On April 8, 2014, Microsoft stopped providing patches and updates to the Windows XP operating system. While this seems like old news and a bit crazy to talk about – many healthcare organizations are still using Windows XP operating systems. In discussing this issue with many healthcare organizations – one of the most common issues is that they are using a software that is unable to migrate to new versions of Windows and is needed for day to day patient care. The vendors that support these software systems are aware; however, have not taken action to move the software to a newer windows platform.
So they’re not providing updates – what does that actually mean? With no updates being provided – there will be no new security updates, non-security hot fixes, free or paid assisted support options, or online technical content updates to the operating system. This leaves the system vulnerable to an attack from the outside. There has been a lot of documentation and confusion on what needs to be done in order to protect information stored on computers that have not migrated off of Windows XP. In addition, there have been many articles have been published that are stating that if organizations didn’t migrate off of the Windows XP Platform by 4/8/14, providers will not be eligible for Meaningful Use and will not be HIPAA Compliant. Fact or Truth?
Fact: You are not technically in violation of HIPAA if you use Windows XP as HIPAA doesn’t mandate any specific software system; HOWEVER, the practice is extremely risky and you could be found of out compliance if a data breach was to occur.
The HIPAA Security Requirement 164.308(a)(5)(ii)(B) is an addressable standard that states that an organization must have “policies and procedures for guarding against, detecting, and reporting malicious software.” Malicious software can be brought through any program usually in the form of a virus, Trojan horse, or worm. By not having the ability to add security patches into the operating system of Windows XP, there are risks to the organization and data that the organization keeps and maintains – good documentation of other safeguards that exist to protect that computer MUST be implemented and documented if choosing to run on the Windows XP operating system.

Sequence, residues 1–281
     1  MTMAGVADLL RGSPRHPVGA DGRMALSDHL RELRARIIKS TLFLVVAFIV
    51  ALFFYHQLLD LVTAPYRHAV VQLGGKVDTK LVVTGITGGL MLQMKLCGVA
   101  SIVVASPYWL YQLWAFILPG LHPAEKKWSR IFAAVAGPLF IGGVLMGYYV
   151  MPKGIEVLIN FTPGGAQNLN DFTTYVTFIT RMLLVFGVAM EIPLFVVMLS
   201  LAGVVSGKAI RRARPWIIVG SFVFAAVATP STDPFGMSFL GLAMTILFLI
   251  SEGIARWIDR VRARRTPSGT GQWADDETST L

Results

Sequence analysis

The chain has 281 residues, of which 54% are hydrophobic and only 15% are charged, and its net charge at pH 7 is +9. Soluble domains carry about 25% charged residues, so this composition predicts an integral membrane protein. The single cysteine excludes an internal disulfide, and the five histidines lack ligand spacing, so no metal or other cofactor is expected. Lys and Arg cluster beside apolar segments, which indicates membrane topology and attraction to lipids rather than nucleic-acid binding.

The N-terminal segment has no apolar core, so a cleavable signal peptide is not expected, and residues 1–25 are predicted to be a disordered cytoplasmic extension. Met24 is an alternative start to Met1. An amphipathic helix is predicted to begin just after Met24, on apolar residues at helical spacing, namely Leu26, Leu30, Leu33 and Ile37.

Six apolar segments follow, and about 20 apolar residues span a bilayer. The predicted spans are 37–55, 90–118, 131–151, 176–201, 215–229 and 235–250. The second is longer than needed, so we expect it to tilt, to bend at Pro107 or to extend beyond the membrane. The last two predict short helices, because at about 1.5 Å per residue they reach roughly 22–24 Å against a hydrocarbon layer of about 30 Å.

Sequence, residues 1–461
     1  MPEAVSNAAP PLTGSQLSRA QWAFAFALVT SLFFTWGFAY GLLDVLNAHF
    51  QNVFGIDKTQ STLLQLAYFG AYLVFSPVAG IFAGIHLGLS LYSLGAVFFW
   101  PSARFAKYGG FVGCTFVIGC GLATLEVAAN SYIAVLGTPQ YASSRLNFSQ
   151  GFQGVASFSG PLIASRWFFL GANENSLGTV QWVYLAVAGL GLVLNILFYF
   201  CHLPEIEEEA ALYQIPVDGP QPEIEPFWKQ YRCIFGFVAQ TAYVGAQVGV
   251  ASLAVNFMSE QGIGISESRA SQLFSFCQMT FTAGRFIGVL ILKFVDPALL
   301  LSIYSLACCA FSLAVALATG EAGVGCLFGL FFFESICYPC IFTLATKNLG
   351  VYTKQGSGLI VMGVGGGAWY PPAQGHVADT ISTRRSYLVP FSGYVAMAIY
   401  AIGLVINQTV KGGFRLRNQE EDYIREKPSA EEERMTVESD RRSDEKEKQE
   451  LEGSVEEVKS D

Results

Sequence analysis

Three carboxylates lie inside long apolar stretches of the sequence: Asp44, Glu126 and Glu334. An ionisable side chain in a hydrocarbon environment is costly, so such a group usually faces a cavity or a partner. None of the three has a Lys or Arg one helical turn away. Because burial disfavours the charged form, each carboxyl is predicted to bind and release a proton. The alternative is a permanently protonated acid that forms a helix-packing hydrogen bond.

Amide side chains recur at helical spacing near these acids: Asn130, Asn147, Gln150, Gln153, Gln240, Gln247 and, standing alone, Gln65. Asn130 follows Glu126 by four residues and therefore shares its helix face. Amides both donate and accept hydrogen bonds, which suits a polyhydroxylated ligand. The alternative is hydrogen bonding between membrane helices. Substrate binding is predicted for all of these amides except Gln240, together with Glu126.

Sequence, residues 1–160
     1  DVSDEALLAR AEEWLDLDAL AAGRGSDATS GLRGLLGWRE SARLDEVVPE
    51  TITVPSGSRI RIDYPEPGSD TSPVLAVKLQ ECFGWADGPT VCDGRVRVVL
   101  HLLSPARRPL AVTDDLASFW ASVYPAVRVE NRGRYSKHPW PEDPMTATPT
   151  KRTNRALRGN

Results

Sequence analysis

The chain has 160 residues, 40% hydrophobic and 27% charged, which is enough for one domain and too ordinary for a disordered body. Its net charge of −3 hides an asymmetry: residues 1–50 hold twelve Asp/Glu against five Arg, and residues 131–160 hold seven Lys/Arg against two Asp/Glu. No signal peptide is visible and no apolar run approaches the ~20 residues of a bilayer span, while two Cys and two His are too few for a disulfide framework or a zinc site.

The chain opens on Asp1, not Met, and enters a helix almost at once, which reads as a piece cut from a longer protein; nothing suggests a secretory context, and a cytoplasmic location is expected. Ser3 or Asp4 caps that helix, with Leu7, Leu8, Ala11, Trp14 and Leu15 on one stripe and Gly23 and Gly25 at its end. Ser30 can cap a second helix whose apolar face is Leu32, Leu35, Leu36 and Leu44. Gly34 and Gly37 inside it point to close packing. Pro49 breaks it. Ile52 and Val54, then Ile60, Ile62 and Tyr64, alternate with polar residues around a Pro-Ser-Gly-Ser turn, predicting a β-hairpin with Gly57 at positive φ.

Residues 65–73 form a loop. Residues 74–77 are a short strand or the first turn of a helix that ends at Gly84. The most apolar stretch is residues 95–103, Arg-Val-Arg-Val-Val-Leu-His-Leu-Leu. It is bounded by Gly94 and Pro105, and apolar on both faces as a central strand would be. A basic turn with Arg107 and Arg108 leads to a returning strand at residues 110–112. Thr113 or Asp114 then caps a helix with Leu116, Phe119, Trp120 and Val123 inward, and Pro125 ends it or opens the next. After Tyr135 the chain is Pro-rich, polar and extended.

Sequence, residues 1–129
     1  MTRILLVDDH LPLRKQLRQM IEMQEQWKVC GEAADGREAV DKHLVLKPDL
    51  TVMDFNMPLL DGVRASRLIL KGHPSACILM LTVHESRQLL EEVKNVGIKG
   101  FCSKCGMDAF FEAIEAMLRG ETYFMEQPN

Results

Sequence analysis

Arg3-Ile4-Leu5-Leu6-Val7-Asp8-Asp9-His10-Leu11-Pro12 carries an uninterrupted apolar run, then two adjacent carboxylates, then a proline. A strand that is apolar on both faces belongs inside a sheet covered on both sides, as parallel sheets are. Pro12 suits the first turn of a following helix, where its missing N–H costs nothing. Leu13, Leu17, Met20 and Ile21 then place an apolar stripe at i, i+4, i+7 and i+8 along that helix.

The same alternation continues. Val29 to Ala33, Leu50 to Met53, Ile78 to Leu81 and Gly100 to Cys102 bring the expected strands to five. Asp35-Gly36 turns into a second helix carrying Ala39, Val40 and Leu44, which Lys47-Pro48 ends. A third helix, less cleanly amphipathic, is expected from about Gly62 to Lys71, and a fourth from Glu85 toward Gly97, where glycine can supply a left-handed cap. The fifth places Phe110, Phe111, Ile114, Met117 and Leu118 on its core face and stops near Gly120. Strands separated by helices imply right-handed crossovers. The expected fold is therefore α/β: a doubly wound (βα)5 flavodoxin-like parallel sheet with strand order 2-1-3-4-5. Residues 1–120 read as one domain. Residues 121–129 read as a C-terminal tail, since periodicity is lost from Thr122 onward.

It is also important to note nowhere in the meaningful use requirements or the HIPAA requirements does it specify having to be on a specific software platform or operating system. Here is an example FAQ from HHS for clarification regarding operating systems requirements under HIPAA – no specific operating system must be used! http://www.hhs.gov/ocr/privacy/hipaa/faq/securityrule/2014.html
Still Using XP – What you should be doing now:
- Evaluate and determine how to migrate from Windows XP to an updated operating system as soon as possible.
- If vendor is only running on XP – work with them and continue to push them to update the software due to risks of the old system and lack of security patches.
- Conduct your HIPAA risk assessment to determine if your organization’s systems are still operating on Windows XP and what risks exist.
- Come up with a detailed risk management process if your organization is still running on Windows XP, including information on how to reduce risk until you migrate from the Windows XP system.
- Evaluate everything – There is not ‘formal’ documentation from HHS, ONC, or the OCR regarding this measure and how to interpret from a meaningful use and HIPAA aspect.
- Assure that you document Windows XP as a risk to your organization within the risk assessment/mitigation as well as potential impacts from malware, viruses, & hackers.
- If questions come up, ask for clarification or assistance.
As of July 14, 2015, Microsoft will stop providing updates and support to any versions of Windows Server 2003 – leaving organizations with a challenge of upgrading and/or migrating to a new server software. If you are still running on Microsoft 2003, it is time to take steps now to execute a proper migration strategy and protect your patient information.
Final note: Running any type of organization where protected health information is involved and there are not adequate and regular security patches being implemented is a risky practice and could expose an organization to a data breach. From the eyes of a security professional – the risk isn’t worth a large scale breach of information. It is time to take action now and get rid of old software platforms that are no longer being updated and supported.